Monday, September 20, 2010

Using the right tool for the job

As you probably know, our landlord is nominally responsible for fixtures and fittings in the house the LA and I rent. That said, it's usually quicker, easier, and gets better results, if we just take care of things ourselves. For instance, the curtains provided by our landlord are three for three on "breaking", since they were never properly done in the first place. If you're screwing into sheetrock, you need to drill a pilot hole and use a proper anchor, because otherwise you're asking plaster to hold against screw threads. That's not something plaster does well, to say the least. As a result, today I bought a box of Drive Wall Anchors, which are ever so clever, and ever so cheap at $10 for 50 of the blighters. For your 20 cents, you get a screw-headed bolt (fine pitch engineered thread, to mate with a matching thread, driven by a screwdriver), with a sharpened tip, and a clever metal contraption designed to slip through behind the sharp tip (and a plastic insert provided to bridge the gap) until its final plate reaches the surface, at which point it bites in and prevents the metal thing from turning. You then tighten the screw, which causes this clever metal wossname to expand outwards, ensuring it'll never come back through the hole. Then you loosen the screw (or remove it, if necessary; the anchor being an integral part of the wall by this point) and put the thing you needed screwed to the wall on, then tighten up again. Simple, easy, and it actually works. Of course, it does cost about 20 cents per hole more than "that'll hold until I've left the building", which just goes to show that the most important tool is the one between your ears!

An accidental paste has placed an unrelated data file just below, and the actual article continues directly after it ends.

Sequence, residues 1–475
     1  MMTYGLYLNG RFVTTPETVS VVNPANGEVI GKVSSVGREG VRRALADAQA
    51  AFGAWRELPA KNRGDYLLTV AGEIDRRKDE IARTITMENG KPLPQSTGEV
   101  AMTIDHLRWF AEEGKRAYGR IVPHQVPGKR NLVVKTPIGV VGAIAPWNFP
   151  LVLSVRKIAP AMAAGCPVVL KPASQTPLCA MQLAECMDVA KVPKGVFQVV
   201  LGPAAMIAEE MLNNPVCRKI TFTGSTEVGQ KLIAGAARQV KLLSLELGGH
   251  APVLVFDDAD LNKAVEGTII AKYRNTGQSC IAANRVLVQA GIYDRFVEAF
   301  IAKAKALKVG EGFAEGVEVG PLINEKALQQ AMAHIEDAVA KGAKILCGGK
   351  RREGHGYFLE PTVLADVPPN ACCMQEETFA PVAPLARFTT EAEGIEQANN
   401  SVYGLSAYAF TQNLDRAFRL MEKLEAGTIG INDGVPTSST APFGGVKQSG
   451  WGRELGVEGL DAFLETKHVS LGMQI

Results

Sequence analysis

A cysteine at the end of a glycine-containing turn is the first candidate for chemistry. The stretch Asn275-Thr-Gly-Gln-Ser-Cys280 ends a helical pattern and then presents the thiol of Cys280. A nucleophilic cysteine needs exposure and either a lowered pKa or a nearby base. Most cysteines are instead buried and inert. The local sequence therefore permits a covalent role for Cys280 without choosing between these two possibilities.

1 comment:

  1. we call those things "Molly Bolts" in these parts (my Dad's legacy of slang, and possibly a brand name for drywall anchors after WWII). We've got a variety of wall material to deal with here, ranging from ceramic tile, cinder block, wood, real lath and plaster, and finally sheetrock. Our parts drawers in the basement have wall anchors for any possible contingency. I suppose it also helps that we never throw anything away, and we have the detritus from not only our own hoarding but our parents' hoarding as well.


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